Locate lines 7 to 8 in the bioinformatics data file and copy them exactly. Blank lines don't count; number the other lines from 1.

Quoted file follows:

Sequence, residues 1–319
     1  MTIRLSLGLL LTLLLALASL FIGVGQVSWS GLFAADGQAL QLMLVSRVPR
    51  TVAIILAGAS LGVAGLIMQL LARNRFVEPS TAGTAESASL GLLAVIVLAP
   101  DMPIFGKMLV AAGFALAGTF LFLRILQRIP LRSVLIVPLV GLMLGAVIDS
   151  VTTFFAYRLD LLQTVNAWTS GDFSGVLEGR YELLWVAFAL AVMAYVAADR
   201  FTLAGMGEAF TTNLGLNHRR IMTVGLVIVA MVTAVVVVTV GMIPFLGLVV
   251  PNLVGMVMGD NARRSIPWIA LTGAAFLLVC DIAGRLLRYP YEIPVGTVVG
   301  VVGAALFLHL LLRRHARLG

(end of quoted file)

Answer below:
   251  PNLVGMVMGD NARRSIPWIA LTGAAFLLVC DIAGRLLRYP YEIPVGTVVG
   301  VVGAALFLHL LLRRHARLG